There has been growing concern voiced among academics regarding dicamba damage to soybean crops.
Specifically, dicamba is a herbicide that is used to control weed growth among crops. This is having a dramatic effect in the US where they are seeing unprecedented outcries from farmers and academics alike that are seeing their yields of soybeans affected by dicamba.
Soybeans are not a robust crop type to start with and typically farmers struggle with crop damage without the herbicide they are using causing a continuation of the damage. What is especially troubling is that these responses are coming from farmers using soybeans that are supposedly dicamba resistant and have been marketed as so.
This is drawing quite a fiery debate with farmers and academics on one side and pitted against them the big agricultural giants that sell the specially formulated dicamba resistant soybeans.
The agricultural manufacturers struck out first citing 4 arguments against there being any substantial damage to the soybean harvest.
First, they cite the harvest reports filed for the state of Illinois and say that any lost crop as a result of dicamba is “negligible”.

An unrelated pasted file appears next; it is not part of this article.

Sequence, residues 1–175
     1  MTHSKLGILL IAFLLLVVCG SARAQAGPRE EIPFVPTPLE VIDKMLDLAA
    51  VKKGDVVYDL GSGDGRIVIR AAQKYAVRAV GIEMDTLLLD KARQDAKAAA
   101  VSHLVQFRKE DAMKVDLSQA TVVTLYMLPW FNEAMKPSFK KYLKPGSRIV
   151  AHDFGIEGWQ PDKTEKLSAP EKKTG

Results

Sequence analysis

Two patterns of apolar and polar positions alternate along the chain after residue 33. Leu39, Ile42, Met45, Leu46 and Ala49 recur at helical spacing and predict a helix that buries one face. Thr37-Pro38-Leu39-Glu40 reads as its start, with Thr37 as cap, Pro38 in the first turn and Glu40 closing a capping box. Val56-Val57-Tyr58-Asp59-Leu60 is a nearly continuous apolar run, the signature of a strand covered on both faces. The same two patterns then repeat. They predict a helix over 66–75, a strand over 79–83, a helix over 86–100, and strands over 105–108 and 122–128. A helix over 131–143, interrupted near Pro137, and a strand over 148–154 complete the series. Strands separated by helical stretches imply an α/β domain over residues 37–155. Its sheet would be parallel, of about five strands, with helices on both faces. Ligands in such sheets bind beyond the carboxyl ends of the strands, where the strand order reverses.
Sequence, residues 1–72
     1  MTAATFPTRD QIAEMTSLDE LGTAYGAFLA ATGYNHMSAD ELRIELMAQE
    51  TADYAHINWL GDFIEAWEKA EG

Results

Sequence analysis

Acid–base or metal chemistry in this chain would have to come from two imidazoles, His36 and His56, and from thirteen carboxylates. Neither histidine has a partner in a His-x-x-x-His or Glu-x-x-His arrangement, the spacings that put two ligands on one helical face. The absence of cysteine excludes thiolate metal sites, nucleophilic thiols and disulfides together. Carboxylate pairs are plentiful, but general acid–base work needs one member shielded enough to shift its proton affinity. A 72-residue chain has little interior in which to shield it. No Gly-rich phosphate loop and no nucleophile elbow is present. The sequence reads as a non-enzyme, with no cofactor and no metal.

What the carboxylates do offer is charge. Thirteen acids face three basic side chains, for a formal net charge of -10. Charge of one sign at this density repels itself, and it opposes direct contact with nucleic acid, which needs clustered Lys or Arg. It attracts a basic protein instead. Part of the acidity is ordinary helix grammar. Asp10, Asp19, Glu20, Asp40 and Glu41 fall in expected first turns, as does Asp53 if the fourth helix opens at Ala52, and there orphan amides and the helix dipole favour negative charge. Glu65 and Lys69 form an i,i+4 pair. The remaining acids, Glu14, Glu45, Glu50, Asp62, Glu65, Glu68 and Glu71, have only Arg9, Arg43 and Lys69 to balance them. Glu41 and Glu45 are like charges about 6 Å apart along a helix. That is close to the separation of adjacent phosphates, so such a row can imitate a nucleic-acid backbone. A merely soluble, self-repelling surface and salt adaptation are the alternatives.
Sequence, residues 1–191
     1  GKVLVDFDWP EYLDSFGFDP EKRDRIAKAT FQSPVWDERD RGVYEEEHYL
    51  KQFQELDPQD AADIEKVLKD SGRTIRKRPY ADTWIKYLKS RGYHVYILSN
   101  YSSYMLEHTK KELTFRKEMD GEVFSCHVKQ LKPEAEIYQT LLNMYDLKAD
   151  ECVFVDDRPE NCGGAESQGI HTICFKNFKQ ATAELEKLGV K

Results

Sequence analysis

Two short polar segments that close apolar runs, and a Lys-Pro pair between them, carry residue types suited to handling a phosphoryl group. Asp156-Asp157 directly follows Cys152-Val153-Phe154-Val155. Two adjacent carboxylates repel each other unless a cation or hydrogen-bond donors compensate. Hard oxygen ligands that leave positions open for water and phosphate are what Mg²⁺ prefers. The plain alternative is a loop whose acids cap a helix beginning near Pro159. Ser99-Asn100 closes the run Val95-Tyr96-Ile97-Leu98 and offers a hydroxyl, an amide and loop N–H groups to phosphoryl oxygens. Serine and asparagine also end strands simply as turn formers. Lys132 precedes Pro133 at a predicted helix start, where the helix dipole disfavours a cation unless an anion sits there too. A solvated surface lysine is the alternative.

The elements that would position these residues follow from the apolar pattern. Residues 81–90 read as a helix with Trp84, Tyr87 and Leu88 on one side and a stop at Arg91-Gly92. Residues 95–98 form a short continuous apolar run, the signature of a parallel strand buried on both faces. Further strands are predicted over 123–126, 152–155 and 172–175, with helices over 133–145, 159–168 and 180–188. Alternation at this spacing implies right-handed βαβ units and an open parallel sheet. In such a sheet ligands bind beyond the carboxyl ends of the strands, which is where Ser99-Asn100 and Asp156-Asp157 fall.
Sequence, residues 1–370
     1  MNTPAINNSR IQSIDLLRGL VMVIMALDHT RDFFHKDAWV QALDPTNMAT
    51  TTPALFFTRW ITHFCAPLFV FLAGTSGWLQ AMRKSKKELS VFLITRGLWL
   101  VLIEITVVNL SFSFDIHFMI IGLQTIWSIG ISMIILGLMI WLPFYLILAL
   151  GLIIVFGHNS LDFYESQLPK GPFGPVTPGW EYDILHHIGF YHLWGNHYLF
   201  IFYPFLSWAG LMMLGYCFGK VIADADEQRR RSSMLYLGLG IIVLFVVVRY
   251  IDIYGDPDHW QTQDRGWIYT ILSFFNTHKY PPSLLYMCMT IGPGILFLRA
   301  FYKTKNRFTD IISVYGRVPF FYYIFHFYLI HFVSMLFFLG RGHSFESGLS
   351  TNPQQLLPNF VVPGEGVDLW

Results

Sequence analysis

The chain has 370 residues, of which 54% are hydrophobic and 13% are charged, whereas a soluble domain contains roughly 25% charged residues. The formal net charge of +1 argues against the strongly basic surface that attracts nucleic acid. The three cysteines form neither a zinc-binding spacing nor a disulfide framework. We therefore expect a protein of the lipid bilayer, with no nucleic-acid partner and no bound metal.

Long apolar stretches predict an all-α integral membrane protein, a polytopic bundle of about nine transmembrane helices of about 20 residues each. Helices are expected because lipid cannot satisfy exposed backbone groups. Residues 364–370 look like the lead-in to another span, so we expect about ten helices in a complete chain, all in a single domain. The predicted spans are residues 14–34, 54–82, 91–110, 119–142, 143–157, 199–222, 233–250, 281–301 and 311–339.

Second, any conclusion should only be drawn after a thorough investigation and any conjecture beforehand is detrimental to the overall process.
Third, they ascertain it is likely farmers are using older variations of the formula rather than investing in the correct up to date formula and they are paying the price as a result.
Finally, they are fairly confident that yield will not be reduced and it is likely that across the board farmers will see a yield increase.
A leading opponent to the agricultural companies is Aaron Hager from the university of Illinois. He contends that the statements made by the companies is worrying to say the least and puts forward arguments for each point they have made.
He says that lost acreage on the ground level seen by farmers would likely not be seen as “negligible”.
That the idea of conducting a thorough investigation is a brilliant idea and he welcomes the company’s participation, so that guidance could actually being followed.
He dismisses the claim that they are using old formulas as unfounded and finally slams the companies outright for their conclusions that yields would increase rather than decrease. A conclusion he says is without merit.
One thing is certain, this debate is heating up and with neither side looking to back down it could reach boiling point soon. It remains to be seen the actual facts behind both argument but regardless we watch on to see how this unfolds. One thing is for certain, the dicamba resistant soybean debate is not being swept under the rug anytime soon.
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